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Are We Thinking About Infrastructure?

The views expressed are those of the author and do not necessarily reflect the views of ASPA as an organization.

By Robert L. Grant 
August 24, 2019

A critical and often neglected component of our profession is infrastructure. While we are knowledgeable of the proper actions to take regarding infrastructure, not nearly enough attention is given to the thinking and decisionmaking behind those actions. With the numerous responsibilities and issues that emerge daily for the public administrator, infrastructure concerns won’t always rank high on the proverbial to do list. Intuition often leads the administrator to exert their time, resources and energy to more seemingly urgent matters. To adequately address infrastructure concerns, our intuition would have to be overridden by another form of mental processing.

Luckily, intuition does not possess complete hegemony over our minds. While strong, it does have a partner. Although seemingly silent, it can at times overpower intuition. This critical thinking, “Gentle giant,” makes its entry into the decisionmaking plain, when intuition isn’t enough. This occurs most often in instances where the various patterns of familiar associations fail to align, or when prior experiences fail to equip us with a proper frame of reference from which to act both effectively and ethically. The intuition alluded to above is System I thinking, whereas the more thoughtful, critical approach is System II thinking.

To effectively overcome the strength of System I thinking, one must be able to override thinking processes that are not even being conducted consciously. Can such a process be conducted in the face of mounting infrastructure needs? I believe this is possible, but I do not think it will occur without training, nor in the absence of a team-oriented approach to decisionmaking.

As we have learned from scholarship and experience, our intuitive state of thinking is full of biases that only impact our decisionmaking because they operate on the subconscious level. Therefore, when approached with a possible municipal infrastructure need, would it be our natural reaction to begin the process of overriding our intuition with a more complex form of problem solving? Of course not; however, if we seek to decipher the best course of action by recruiting additional minds (assuming these are individuals free from the poison of groupthink), it can occur. Through the process of dialogue, the establishment of mutual trust, acceptance of the merit found in conflicting views, a mutual commitment to public service and the understanding of the responsibilities of each public administrator; our System II thinking could be activated and sharpened.

By consistently experiencing training on innovative approaches to infrastructure issues, individuals will more easily avert or at the very least mitigate infrastructure struggles through knowledge that has become intuitive. Notice, this form of reaction is instantaneous or automatic; In other words, this is System I thinking. The more knowledge absorbed from infrastructure education, the less indecision will impact infrastructure questions. This is the height of public service sensitivity, (in my opinion), the ability to naturally sense and react intuitively to most common public sector problems.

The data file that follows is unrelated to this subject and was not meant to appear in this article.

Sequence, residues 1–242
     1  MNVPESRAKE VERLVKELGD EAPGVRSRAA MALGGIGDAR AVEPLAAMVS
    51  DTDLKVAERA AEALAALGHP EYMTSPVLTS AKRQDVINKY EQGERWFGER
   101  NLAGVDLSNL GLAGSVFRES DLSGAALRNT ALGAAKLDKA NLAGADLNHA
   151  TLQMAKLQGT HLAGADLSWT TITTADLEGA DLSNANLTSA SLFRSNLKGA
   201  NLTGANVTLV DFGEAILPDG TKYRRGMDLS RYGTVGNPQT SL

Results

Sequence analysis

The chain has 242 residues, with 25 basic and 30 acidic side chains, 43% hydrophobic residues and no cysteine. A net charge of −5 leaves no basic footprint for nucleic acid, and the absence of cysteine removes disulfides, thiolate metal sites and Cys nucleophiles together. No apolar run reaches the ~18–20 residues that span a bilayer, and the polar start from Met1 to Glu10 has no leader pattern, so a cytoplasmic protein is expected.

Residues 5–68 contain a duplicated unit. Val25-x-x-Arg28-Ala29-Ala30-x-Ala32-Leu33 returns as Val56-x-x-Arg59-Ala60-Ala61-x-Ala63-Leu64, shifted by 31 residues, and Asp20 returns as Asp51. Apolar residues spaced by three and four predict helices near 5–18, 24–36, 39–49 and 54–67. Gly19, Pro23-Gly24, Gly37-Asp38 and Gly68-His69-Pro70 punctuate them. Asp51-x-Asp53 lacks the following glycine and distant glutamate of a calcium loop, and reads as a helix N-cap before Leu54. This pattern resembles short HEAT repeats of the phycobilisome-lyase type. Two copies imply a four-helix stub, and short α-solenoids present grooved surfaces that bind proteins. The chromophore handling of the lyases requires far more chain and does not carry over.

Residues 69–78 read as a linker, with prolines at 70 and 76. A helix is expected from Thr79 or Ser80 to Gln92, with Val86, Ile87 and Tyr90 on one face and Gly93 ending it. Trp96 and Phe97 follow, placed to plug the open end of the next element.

Make no mistake—many public sector issues will require System II thinking. To increase effective service delivery, to cultivate innovative collaboration with colleagues and to develop commitment to overcome the challenges of infrastructure and other public service issues, System II thinking is important. So, while public service sensitivity itself can become intuitive, the process needed to arrive at sensitivity will require ever increasing amounts of diligence, intentionality, training and collaborative decisionmaking.

Therefore, it does seem logical that the fabled and glorified rational administrators are not so rational at all. They must be embodied with emotions if they are to be useful to their communities. The issues that are of greatest concern to the public administrator often involve the component of compassion. Rationality does not take compassion into account, but emotions do. These emotions allow administrators to advocate for the successful and timely repair dams, the introduction of quality transportation systems that reduce social inequity and the construction of roads that promote both safety and comfortability. Granted, these same emotions also release our more selfish passions; those that are contrary to our service-oriented consciousness. These selfish passions prompt the administrator to ignore pressing infrastructure needs in favor of agenda items that might meet less resistance and require less effort.

Thus, increased public service sensitivity, effective team decisionmaking, and adherence to the codes of ethics native to our profession can hold our emotions in check. To state this another way, our System II thinking, when sufficiently trained, can help mitigate the destructiveness of useless emotions and employ the aid of our useful ones. As expected, when thinking of decisions impacting municipal infrastructure issues, biases and unethical matters must not be allowed access to the minds of decision makers. This can best be accomplished by training in the handling of infrastructure needs, dedicated and intentional growth in public service sensitivity, the use of effective team-based decisionmaking and of course the correct balance of System I and System II thinking.

Author: Mr. Robert L. Grant III is currently a doctoral student in the L. Douglas Wilder School of Government and Public Affairs at Virginia Commonwealth University. His email address is [email protected].

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